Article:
Petco's current prototypical format is in the 15,000-sq.-ft. to 17,000-sq.-ft. range with an assortment that includes approximately 11,000 active skus. The assortment will vary by the size and location of the store.

'This format gives us room to put our full assortment in and gives us room to add new elements as they come on line, but it's not so large that it's intimidating to the customer, and it doesn't have a warehousey kind of feel,' Asselin said. 'One of our strengths is that we've been able to locate our stores conveniently in neighborhoods, shopping centers next to Blockbuster Video, next to Barnes & Noble, next to a grocery store where people are shopping frequently as opposed to a destination where they have to drive a long way.'

Altered behavior of parasitized killifish increases susceptibility to predation by bird final hosts

Parasites are frequently associated with odd host behaviors such as unusual levels of activity, increased conspicuousness, disorientation, and altered responses to stimuli (Holmes and Bethel 1972). For the many life cycles where transmission depends on predation, it is often suggested that parasites alter host behavior and increase the susceptibility of intermediate hosts to predation by final hosts (e.g., Rothschild 1962, Holmes and Bethel 1972). Three main lines of evidence currently support the hypothesis that behavior modification is a parasite strategy evolved to increase transmission: hosts infected by transmissible stages of parasites often behave differently (Holmes and Bethel 1972, Dobson 1988, Curio 1988, Moore and Gotelli 1990 and Poulin 1994a discuss several examples); are eaten more readily by predators in the laboratory than are unparasitized hosts (Holmes and Bethel 1972, Kennedy et al. 1978, Camp and Huizinga 1979, Brassard et al. 1982, Moore 1983, Helluy 1984, Webber et al. 1987, Poulin et al. 1992); and are taken more frequently by predators than expected in the wild (VanDobben 1952, Feare 1971, Rau and Caron 1979, Moore 1983, Hoogenboom and Dijkstra 1987). As a whole, this evidence is quite convincing and, because the ingestion of larval parasites during predation is a frequent occurrence, helps us to better understand foraging dynamics and food webs.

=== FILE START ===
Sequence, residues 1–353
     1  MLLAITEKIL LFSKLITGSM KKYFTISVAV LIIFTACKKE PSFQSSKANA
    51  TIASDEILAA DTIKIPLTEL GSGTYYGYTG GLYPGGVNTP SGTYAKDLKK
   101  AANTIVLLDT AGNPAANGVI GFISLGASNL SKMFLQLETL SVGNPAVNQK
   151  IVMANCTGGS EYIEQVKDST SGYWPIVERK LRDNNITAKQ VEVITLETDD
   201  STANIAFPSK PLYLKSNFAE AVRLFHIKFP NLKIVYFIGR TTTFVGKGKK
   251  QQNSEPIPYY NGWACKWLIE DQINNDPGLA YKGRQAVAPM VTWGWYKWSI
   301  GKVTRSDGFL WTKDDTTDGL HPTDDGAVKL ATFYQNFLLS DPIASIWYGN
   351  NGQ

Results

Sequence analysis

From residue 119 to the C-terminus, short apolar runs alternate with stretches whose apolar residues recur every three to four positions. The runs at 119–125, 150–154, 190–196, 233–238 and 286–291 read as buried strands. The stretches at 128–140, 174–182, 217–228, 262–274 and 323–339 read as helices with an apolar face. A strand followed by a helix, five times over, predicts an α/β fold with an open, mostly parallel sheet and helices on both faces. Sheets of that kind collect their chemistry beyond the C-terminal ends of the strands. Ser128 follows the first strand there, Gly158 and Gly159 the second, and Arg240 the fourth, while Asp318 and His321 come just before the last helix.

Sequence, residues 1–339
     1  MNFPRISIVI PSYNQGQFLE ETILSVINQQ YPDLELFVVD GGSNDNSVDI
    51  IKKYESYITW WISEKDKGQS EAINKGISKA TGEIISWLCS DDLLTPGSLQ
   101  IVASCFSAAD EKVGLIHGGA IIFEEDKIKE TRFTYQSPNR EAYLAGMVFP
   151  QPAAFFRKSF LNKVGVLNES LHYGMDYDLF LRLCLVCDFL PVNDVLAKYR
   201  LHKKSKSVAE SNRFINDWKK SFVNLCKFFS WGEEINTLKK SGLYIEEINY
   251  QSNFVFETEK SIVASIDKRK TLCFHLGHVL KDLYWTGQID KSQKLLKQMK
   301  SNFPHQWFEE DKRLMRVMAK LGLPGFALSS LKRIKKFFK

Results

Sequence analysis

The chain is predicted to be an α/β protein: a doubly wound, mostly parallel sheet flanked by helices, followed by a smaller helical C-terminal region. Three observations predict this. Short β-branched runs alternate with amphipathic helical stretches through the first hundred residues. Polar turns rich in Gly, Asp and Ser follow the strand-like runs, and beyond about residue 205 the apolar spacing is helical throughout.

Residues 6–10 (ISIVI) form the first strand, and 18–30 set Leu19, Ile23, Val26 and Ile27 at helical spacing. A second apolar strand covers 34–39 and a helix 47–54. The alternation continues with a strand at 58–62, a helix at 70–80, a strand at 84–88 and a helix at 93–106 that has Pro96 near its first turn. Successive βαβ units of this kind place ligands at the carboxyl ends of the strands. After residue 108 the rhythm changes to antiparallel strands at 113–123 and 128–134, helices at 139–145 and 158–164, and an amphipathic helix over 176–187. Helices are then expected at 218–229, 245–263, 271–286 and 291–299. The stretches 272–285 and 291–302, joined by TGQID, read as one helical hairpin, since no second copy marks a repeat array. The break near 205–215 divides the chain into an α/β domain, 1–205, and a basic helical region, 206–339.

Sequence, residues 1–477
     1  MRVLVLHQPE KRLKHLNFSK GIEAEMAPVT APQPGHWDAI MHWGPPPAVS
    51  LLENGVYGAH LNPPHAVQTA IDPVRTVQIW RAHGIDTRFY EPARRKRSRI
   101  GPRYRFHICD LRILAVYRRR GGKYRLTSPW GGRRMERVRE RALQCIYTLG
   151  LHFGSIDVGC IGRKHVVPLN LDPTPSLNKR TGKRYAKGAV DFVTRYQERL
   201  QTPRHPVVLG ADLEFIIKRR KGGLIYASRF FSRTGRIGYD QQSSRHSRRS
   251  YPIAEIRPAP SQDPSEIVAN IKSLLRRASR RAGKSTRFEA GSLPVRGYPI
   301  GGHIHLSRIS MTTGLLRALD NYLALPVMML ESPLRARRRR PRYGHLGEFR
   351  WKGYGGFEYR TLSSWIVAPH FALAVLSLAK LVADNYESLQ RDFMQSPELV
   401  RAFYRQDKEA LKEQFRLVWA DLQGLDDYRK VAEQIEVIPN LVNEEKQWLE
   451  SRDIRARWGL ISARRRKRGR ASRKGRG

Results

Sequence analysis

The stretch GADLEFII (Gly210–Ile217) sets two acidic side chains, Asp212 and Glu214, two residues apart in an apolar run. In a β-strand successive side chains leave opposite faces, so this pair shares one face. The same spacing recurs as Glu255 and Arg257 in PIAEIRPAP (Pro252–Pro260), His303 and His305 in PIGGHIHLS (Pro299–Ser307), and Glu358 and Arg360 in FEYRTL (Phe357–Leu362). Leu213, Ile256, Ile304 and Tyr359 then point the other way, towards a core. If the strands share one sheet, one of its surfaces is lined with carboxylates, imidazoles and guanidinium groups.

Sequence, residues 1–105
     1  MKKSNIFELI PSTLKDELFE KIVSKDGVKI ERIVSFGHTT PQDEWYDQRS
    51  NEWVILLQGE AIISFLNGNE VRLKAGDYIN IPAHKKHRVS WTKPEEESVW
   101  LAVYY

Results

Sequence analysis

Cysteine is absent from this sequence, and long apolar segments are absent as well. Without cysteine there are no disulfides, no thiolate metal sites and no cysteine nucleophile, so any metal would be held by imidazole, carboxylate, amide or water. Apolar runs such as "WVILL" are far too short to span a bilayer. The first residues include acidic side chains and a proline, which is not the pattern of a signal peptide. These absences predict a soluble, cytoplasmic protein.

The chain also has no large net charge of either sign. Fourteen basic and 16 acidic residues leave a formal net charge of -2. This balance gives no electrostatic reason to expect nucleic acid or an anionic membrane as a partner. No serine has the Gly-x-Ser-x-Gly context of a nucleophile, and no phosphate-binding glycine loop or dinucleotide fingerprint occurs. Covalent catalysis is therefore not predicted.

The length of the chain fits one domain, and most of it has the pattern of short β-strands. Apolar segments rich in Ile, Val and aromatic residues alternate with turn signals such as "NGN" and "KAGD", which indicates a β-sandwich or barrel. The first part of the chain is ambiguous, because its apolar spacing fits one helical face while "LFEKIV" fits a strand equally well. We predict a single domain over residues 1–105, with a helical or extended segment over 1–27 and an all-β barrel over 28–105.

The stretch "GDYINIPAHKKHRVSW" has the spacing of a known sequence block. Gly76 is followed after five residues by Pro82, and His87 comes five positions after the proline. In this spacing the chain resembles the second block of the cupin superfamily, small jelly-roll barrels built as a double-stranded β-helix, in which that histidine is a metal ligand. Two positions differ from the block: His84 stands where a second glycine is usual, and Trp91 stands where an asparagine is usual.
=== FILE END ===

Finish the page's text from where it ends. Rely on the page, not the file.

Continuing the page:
Several studies have used a combination of approaches, helping to expand the base of evidence used to support the behavior modification hypothesis. For example, Moore (1983) found that terrestrial isopods infected with a larval acanthocephalan were more active and spent more time in dry areas, on contrasting backgrounds, and away from shelter than did unparasitized isopods. In aviary predation trials, 59% of isopods eaten by Starlings were parasitized, compared with an initial 47% prevalence of infection among the isopods available in the cage (Margolis et al. [1982] define "prevalence" as the proportion of hosts in a sample that are parasitized). There was indirect evidence that transmission was not random in nature because the prevalence of adult acanthocephalans in wild Starling nestlings (13%) was higher than expected, given the rates at which parents fed isopods to their young multiplied over the age of nestlings and the very low prevalence of parasitized isopods nearby (0.2%).

Although the link between conspicuous behaviors induced by parasites and increased parasite transmission is logical and well supported, Moore and Gotelli (1990) discuss alternative explanations. Pathology can affect host behavior in ways that do not necessarily increase transmission. For example, hosts may alter their behaviors to help rid themselves of parasites (Hart 1990) or compensate for metabolic drains of parasitism (Milinski 1985). Thus, it is important to also assess how predation risk varies with parasitism. From studies of predator gut contents, it might appear that parasites make prey more susceptible to predation if predators prefer larger, older prey that have had a longer time to accumulate parasites. Also, if the dispersal of hosts and parasites is limited, areas where predators abound will have higher rates of parasite transmission to nearby prey, leading to more parasitized prey in the predator's diet compared with the prevalence of parasitism seen in the prey population on a broader spatial scale. Another potential limitation of gut-content studies is the difficulty of accurately determining the prevalence of the parasite in the prey population. As an example, the relatively high proportion of Sarcocystis-infected voles in the diet of Kestrels could reflect either increased predation or decreased trapping success for parasitized voles (Hoogenboom and Dijkstra 1987).